For the past 25 years, governments have had great difficulty in providing public services effectively. Ministers, having nothing in their experience that gives them any aptitude for the task, have lurched from expedient to expedient. Instead of settled, competent management, there has been a succession of experiments.
And now there is a new one. For the significant point that emerges from the party manifestos published this week is that they describe yet another approach, hesitantly outlined in the case of Labour, but boldly enunciated by the Conservatives.
The Tories' astonishing ambition is to "use the state to help stimulate social action, helping social enterprises to deliver public services and training new community organisers to help achieve our ambition of every adult citizen being a member of an active neighbourhood group." In other words, after we elect the Conservative Party to office, if we do, the new Government will turn round and say: "Now it's back to you".
Reform of public services began in the early 1980s when Mrs Thatcher privatised a number of state owned industries such as water, electricity and gas. Returning these services to the private sector has been the only unambiguous success in the whole story. The second step taken by Mrs Thatcher was the introduction of market mechanisms into those public services considered unsuitable for sale, of which the leading example is the National Health Service.
This has had mixed outcomes. Artificial markets never work as well as the real thing. Moreover, management techniques borrowed from the private sector often turn out to have perverse consequences. Gordon Brown's mantra, when he became Chancellor of the Exchequer, was that there would be no investment in public services without reform.
The culture of targets was taken much further. The Treasury signed precise agreements with public service providers. The perverse results duly appeared. In the first place, the emphasis given to meeting a particular target was often achieved at the expense of other important tasks. And second, managers and staff quickly learn how to game targets so that apparent successes were often far from real.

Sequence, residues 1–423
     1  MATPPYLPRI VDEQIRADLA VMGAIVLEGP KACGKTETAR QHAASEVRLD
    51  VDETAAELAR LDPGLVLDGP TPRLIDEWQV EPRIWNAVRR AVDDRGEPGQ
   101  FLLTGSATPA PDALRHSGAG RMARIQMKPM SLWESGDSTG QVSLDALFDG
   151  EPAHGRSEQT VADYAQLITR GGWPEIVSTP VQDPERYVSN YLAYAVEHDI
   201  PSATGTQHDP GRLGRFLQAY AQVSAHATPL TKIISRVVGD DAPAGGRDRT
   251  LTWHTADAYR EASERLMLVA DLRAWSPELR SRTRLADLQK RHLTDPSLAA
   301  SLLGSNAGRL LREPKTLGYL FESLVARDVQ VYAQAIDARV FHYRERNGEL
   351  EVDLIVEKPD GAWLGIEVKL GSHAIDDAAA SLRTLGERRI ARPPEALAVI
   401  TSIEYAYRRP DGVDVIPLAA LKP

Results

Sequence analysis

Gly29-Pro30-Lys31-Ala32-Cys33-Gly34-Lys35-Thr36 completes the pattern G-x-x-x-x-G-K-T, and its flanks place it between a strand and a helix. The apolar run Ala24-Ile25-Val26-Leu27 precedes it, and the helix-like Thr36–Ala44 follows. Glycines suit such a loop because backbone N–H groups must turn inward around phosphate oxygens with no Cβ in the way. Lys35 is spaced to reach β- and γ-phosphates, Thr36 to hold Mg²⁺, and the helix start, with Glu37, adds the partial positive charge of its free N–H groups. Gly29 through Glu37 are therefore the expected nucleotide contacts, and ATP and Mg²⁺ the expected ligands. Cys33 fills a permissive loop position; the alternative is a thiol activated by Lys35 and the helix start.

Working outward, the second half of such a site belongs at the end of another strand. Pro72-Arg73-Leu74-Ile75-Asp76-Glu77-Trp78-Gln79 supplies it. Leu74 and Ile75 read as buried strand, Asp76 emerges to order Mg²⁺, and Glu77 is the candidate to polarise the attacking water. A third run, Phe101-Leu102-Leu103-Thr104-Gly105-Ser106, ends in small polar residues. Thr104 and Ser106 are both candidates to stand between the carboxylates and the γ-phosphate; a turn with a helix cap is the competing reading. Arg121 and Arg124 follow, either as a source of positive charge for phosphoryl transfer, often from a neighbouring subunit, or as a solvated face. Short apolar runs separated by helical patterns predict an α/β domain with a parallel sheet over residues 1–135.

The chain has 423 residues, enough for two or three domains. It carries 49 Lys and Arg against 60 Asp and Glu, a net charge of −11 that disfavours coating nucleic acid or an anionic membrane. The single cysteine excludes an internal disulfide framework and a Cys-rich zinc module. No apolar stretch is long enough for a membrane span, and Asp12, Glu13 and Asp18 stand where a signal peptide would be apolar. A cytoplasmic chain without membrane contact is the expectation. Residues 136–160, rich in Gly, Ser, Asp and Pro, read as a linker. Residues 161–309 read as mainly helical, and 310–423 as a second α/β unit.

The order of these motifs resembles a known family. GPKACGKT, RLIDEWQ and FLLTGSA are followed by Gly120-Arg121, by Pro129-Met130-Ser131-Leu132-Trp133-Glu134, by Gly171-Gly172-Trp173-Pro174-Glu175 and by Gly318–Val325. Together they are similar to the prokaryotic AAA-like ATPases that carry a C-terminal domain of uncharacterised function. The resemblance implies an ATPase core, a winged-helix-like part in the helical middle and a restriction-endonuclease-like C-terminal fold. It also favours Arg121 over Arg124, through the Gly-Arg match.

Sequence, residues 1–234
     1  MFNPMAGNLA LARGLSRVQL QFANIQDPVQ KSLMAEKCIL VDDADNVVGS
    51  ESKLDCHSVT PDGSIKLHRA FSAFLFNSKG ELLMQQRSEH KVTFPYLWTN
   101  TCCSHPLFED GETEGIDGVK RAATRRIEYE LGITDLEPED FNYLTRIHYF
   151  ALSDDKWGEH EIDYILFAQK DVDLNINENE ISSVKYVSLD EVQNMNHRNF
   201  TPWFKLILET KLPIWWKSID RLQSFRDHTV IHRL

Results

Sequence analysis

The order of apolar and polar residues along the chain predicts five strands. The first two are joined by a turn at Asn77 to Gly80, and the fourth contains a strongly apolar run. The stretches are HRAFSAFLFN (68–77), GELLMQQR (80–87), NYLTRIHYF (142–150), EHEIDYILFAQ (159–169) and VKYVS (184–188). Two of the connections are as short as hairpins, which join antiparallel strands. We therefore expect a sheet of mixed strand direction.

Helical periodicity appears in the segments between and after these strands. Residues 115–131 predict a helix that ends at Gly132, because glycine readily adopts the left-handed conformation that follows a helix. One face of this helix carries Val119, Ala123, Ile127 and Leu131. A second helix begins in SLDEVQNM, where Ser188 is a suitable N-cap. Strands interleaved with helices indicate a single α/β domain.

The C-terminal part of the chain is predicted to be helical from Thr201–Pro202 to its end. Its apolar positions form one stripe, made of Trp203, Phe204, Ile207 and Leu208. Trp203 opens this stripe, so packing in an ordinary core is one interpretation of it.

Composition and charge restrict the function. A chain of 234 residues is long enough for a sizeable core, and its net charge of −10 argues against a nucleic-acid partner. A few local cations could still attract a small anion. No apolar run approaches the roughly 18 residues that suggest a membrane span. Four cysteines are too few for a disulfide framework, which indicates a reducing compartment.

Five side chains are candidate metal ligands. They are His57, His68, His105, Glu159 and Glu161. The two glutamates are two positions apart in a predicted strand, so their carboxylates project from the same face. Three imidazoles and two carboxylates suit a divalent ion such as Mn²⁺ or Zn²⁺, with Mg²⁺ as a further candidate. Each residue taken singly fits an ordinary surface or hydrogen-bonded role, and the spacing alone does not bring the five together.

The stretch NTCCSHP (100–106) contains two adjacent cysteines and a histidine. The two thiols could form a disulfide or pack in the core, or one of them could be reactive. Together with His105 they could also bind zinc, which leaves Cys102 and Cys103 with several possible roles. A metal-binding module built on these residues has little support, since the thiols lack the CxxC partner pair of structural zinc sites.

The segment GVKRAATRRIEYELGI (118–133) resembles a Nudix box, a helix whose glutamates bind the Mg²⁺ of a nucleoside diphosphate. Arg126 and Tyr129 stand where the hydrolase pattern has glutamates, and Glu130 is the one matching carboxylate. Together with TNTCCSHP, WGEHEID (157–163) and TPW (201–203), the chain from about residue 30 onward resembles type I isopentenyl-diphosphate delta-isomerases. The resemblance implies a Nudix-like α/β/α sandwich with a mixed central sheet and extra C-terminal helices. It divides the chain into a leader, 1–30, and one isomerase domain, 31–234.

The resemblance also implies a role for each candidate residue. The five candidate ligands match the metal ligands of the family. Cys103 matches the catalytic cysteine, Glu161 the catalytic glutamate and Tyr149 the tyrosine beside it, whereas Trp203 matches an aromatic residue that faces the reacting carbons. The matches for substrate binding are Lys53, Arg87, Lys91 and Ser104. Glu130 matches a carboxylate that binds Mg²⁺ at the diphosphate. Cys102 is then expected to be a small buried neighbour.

Take the new cancer guarantee promised in the Labour manifesto. It is designed to ensure that "all patients see a cancer specialist within two weeks of GP referral and that all cancer tests will be completed and the results received within just one week." But what other services will be sacrificed to meet the target and will hard-pressed staff, perhaps subject to the bullying that is common throughout the NHS, contrive to give an appearance of meeting the target when the reality is quite different?
So to the Tories' exciting new idea. "Our alternative to big government is the big society: a society with much higher levels of personal, professional, civic and corporate responsibility; a society where people come together to solve problems and improve life for themselves and their communities; a society where the leading force for progress is social responsibility, not state control... our public service reform programme will enable social enterprises, charities and voluntary groups to play a leading role in delivering public services and tackling deep-rooted social problems."
Essentially this is a policy of outsourcing a much higher proportion of public services than at present. But outsourcing to whom? In the new thinking, it will be partly to public sector staffs that turn themselves into free-standing enterprises. The Labour manifesto, for instance, refers to extending the right for staff, particularly nurses in the NHS, to request to run their own services in the not-for-profit sector. The Tories are harder, arguing, "Giving public sector workers ownership of the services they deliver is a powerful way to drive efficiency." Outsourcing will also be to charities. In fact many charities already supply specialised services to Government.
But a step change is envisaged; hence the reference to social enterprises as well as charities and voluntary groups. A social enterprise is a business with primarily social objectives whose surpluses are principally reinvested for that purpose in the business or in the community, rather than driven by the need to maximise profit for shareholders and owners. So the question is whether a sufficient number of skilled social entrepreneurs will come forth to meet the opportunity and complete the step change.
This is unknowable. There is no evidence either way. Yes, the quality of people working full time in the charitable sector is often very good. So conceivably a substantial amount of social entrepreneurial talent exists waiting for the call. But Mr Cameron doesn't know. His big society is, finally, just one more experiment, a jotting on the back of an envelope. It is not, in any sense, a tried and tested policy.Reuse content